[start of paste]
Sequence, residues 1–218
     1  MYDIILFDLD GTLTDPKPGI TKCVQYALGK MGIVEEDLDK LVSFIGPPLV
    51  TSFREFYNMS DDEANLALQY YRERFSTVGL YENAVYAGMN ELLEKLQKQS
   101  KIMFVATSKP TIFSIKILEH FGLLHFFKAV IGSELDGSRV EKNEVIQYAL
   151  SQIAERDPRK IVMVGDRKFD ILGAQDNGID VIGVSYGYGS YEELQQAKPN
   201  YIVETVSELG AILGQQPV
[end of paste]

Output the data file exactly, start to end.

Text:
Sequence, residues 1–218
     1  MYDIILFDLD GTLTDPKPGI TKCVQYALGK MGIVEEDLDK LVSFIGPPLV
    51  TSFREFYNMS DDEANLALQY YRERFSTVGL YENAVYAGMN ELLEKLQKQS
   101  KIMFVATSKP TIFSIKILEH FGLLHFFKAV IGSELDGSRV EKNEVIQYAL
   151  SQIAERDPRK IVMVGDRKFD ILGAQDNGID VIGVSYGYGS YEELQQAKPN
   201  YIVETVSELG AILGQQPV